Static things – static phenomena – include facts about something. A fact never changes. A fact is always a fact; it will never change. It will always remain true. The most widely discussed one in Buddhism and the most profound example is called “voidness.”
“Voidness” is a very confusing term. There is a lot of misunderstanding about it. Basically, it means an absence of an impossible way of existing. In our example, it would be the absence of somebody existing as a Prince or Princess Charming.
We need to make a distinction here so as to avoid confusion. The fact that a dog is not in this room today at 9 P.M. is a static fact that will never change. Even if a dog were to walk into the room tomorrow, it would not change the fact that there was no dog in this room today at 9 P.M. So a dog being present in the room is something that could possibly be true; but it is a static fact that it is not true now. That fact can never change.
When we talk about the absence of something impossible, then not only is the fact of its absence true now, its presence was never true and could never be true. So both the absence of a dog in the room now and the absence of a Prince or Princess Charming in the room now are static facts that can never change, but they are quite different types of static facts. One is an absence of something possible and the other is the absence of something impossible.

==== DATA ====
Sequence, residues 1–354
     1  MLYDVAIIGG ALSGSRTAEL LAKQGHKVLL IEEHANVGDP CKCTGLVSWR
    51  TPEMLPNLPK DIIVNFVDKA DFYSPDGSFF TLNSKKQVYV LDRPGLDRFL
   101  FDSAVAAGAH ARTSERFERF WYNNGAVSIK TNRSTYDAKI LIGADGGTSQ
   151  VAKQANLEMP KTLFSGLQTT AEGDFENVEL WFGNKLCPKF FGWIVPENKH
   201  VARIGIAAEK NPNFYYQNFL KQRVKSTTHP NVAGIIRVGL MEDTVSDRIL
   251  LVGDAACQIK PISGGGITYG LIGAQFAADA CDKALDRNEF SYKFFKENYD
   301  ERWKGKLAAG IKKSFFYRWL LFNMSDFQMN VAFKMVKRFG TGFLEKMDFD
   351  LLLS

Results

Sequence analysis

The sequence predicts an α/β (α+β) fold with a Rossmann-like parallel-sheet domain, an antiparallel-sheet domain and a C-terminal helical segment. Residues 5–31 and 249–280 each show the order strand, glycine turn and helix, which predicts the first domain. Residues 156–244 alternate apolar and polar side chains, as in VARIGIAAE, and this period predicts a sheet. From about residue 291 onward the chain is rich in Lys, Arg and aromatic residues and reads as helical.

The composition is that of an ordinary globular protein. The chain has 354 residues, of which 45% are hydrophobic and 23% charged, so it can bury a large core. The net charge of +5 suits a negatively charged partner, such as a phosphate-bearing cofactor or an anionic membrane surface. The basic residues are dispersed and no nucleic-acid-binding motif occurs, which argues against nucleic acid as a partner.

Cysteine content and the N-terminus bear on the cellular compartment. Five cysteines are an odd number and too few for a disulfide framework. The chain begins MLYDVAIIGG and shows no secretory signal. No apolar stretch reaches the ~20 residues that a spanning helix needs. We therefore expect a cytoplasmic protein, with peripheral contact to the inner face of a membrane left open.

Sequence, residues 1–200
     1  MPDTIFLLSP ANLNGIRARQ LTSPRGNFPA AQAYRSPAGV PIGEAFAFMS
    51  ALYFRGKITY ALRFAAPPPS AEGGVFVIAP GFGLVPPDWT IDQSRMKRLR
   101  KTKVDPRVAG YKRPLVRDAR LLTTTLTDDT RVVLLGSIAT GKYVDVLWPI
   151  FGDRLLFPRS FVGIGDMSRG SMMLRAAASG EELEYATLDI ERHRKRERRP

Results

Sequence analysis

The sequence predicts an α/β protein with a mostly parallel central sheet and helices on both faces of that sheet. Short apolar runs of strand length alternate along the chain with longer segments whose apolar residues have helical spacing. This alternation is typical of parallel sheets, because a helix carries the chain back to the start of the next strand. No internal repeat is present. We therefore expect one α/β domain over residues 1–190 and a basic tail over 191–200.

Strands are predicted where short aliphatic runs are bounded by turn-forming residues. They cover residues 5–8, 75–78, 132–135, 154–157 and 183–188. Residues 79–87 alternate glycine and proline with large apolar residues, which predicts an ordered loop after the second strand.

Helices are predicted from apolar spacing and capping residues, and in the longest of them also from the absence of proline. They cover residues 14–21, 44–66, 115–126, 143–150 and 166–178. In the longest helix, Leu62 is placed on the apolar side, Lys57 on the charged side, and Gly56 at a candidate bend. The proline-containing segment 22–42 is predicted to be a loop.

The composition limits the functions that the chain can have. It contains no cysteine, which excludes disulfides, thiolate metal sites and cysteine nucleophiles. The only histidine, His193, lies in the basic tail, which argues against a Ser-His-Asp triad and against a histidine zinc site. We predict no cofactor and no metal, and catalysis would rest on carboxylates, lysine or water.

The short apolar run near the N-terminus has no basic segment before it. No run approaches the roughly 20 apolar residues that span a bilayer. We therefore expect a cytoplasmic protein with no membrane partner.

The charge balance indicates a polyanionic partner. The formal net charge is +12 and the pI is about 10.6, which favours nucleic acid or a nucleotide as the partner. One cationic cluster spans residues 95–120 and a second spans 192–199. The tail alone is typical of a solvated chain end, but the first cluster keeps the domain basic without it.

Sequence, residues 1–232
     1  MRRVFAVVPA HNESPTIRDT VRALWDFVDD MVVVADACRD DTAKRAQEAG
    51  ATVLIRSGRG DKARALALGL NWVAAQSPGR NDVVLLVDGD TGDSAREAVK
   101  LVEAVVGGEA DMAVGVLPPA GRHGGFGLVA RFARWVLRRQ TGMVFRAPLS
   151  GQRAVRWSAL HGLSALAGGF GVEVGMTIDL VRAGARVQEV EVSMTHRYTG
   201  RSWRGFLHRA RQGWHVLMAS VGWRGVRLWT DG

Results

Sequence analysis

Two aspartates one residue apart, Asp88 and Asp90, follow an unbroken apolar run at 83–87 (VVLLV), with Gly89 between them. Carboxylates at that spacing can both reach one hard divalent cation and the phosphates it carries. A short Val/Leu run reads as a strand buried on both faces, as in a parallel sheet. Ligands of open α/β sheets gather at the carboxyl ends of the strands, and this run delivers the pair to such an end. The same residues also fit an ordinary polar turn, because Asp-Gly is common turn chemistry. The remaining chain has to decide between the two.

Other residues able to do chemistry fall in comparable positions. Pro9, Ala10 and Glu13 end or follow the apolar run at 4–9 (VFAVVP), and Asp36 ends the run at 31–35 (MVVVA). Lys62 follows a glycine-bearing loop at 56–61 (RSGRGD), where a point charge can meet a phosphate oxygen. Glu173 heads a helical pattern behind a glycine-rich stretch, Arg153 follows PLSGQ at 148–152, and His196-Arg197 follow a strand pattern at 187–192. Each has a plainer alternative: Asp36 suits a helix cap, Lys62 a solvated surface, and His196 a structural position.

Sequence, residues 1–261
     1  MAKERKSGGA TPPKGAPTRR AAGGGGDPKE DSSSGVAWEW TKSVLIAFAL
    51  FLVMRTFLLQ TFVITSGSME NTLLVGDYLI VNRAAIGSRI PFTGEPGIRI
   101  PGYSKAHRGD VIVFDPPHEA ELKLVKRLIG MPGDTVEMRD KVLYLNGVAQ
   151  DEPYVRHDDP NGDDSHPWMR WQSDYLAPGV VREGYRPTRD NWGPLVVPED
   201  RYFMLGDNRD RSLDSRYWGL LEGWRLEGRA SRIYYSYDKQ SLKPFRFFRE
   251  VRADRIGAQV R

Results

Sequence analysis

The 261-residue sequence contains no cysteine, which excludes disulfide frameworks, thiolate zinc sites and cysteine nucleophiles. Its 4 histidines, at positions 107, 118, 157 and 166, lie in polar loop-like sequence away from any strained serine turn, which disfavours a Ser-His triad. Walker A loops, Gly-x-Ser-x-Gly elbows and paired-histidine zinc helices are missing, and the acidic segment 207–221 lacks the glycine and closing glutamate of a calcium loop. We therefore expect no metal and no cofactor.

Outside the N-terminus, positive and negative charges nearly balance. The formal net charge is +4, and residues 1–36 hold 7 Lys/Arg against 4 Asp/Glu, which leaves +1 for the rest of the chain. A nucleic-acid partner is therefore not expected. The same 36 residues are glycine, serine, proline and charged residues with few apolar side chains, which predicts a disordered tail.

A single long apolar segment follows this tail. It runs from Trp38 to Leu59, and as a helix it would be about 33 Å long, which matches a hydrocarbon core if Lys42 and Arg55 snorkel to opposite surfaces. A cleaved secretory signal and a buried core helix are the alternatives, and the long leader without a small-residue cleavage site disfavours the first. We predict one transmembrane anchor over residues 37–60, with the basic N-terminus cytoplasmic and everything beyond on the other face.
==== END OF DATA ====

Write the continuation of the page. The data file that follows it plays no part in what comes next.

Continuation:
Also, we need to make another distinction. The fact that this dog is not a cat is something that is not only true now; it never was and could never be true. It is also impossible that this dog could be a cat when it is with someone else, even though it is not a cat with us. This is absurd. Now, some other animal could be a cat, because cats exist. But it is not the same with respect to Prince or Princess Charming. Because such a Prince or Princess does not exist, no one could ever be one – neither now, in the past, or the future, nor with us or with anyone else.